“I think its really important that creative inspirations come from a person’s own life and experiences. I grew up watching and playing football, watching wrestling and trying to wrestle on crusty mattresses in fields. When you grow up watching more or less exclusively, activities that are win or lose competitions, you find yourself trying to emulate it in your own way. It certainly gives me the impetus to get out bed in the morning. I look at my art and think, ‘what can I do now to be the absolute best?’ I’m some way off being that, if there is such a thing, but I want to take the industry new places, hence projects like Xpress. I’m quite ambitious and sport has a lot to answer for in that respect. Growing up surrounded by two or three council estates helped me. The things you get up to as a kid, they stayed with me – long hours outdoors, winding up neighbours and going too far, heckling older kids for a chase, thankfully, when you find a positive direction for that energy such as freelancing, it helps stay focused. I had parents who earned little, but sacrificed so much to make sure my brother and I had everything we needed and a little of what we wanted. They showed me the path that would eventually lead me here – hard work, self-sacrifice, belief and just caring about more than money. Some of the lads my age were not as fortunate as me in their upbringing and you started to see the toll that takes in adulthood and it’s sad. Everyone needs belonging and direction. So now, with the skills the hard work and my parent’s sacrifices brought me, I like to think I can make a positive difference in a society where some people don’t have the support I had. Hopefully through Xpress we can help empower people by showing them ways to express their emotions and experiences.”
The main themes of this project focus on not just artistic expression, but simply getting things off your chest. What have been the key highlights from the projects early stages? Ben says
“I’ve had to go new places with this. I’ve come from being an illustrator with an illustration degree. Then thanks to the competitive nature within me, I wanted to do more, so Quenched happened, to try and address the state of the music industry. Then you’re working in film and writing a book about the whole journey. Through all of this, there are tiny collaborations and important friendships. Without the talent and generosity of those friends and the guys at CALM and Factory Foundation, I wouldn’t be in a position to do any of this. Then there’s the flip side which is the walls of agents, management, publishers that make this so difficult to pull off when you’re just trying to help a certain group of people. We’ve had some big names on board for the album, only for their labels to step in and veto the use of the track. We’ll get there somehow…”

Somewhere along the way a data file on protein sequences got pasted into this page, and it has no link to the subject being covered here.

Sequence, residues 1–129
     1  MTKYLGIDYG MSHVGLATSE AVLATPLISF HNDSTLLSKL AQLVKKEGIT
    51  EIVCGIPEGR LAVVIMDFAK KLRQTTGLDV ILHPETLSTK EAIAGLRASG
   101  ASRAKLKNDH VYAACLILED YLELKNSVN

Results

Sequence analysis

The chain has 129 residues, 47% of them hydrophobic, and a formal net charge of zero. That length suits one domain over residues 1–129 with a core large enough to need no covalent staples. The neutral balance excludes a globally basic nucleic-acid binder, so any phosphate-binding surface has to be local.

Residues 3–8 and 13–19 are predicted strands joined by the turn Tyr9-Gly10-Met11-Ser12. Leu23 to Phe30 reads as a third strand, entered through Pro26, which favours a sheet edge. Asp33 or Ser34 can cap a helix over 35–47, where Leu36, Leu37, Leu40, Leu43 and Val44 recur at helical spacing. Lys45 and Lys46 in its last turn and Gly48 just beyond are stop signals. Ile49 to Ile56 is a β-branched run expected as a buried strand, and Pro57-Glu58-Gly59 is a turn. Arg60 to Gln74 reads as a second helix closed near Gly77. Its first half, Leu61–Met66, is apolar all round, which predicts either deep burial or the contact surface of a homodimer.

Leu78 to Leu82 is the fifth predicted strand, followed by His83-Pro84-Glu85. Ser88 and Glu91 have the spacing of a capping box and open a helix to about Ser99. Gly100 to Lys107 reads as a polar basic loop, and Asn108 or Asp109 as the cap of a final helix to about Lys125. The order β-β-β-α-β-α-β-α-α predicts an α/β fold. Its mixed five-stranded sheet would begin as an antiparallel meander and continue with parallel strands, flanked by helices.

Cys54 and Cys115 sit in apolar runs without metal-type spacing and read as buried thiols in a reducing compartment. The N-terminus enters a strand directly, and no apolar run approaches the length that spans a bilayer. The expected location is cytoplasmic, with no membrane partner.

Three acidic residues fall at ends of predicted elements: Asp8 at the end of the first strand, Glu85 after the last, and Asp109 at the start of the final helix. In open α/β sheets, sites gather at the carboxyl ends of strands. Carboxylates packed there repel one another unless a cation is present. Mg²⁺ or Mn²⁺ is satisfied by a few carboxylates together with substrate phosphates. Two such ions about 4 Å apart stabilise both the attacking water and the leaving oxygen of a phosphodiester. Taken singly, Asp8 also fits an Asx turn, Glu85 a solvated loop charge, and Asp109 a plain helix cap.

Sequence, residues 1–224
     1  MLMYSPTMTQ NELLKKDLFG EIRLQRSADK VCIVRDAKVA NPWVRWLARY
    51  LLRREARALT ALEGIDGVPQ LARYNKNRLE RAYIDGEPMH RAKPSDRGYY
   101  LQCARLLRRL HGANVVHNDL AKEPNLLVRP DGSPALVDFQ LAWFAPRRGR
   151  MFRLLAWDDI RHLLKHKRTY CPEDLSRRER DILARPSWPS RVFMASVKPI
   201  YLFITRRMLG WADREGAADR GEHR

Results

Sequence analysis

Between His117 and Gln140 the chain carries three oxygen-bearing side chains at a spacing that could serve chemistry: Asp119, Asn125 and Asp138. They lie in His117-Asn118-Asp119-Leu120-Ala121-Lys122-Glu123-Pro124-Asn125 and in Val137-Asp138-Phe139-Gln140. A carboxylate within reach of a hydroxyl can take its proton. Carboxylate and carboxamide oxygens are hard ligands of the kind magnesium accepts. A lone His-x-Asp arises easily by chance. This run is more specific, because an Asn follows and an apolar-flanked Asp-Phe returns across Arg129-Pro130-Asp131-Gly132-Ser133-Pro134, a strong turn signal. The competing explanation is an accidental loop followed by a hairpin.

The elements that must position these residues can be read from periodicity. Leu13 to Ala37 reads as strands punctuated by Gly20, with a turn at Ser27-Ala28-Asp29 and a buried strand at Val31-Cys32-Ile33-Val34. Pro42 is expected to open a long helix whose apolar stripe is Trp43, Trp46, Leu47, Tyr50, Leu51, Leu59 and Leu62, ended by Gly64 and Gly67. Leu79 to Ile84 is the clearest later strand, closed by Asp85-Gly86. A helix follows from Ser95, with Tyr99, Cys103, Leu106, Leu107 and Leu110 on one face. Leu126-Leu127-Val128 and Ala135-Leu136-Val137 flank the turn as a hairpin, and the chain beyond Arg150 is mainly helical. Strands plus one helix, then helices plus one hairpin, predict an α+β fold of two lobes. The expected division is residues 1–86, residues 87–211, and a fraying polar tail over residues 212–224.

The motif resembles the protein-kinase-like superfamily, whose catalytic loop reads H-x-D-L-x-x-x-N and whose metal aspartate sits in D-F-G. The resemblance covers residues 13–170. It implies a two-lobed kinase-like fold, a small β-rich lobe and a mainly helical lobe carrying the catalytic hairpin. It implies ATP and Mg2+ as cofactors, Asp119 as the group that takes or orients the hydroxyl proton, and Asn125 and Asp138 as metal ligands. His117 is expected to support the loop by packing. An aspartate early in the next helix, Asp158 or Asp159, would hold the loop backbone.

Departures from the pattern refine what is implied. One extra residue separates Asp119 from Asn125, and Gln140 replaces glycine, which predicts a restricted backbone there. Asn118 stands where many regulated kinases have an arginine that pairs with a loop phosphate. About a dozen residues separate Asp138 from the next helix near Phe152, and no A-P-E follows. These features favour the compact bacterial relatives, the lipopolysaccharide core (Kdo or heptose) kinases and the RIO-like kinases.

Much of Ben’s illustration and design work has a trademark edge to it. It’s this that gained him clients such as WWE, The Guardian and Channel 4 and subsequently led to Quenched Music and Xpress. How does his own work serve as a form of expression?
“If I see something on the news, or learn something in conversation, I draw. I make a poster, scribble something down in my sketchbook and often create something quite political or socially driven. I’m quite politically uneducated, so I have to have people explain things to me. So image making or writing offers me a place to share my views in a place that thrives on opinion, not facts. It can be simple. I can show up at an exhibition or a gig or just write something in my sketchbook. I can have a rant, with my mouth, pen or computer. It doesn’t have to be fucking tapestry to clear your head. With Xpress, I didn’t want to showcase A-List celebrities to gain easy recognition. I wanted to show people and their methods of expression that others can relate to and get actively involved with, doing or supporting. It could be a scribble or a tweet. It could be a mural or a full acoustic set. Just listen to an album and think about why it moves you. There’s a lot out there to take in. It’s all very accessible these days and doesn’t have be difficult, the benefits are huge.”
Interview by Danni Skerritt
Photography by Danny Allison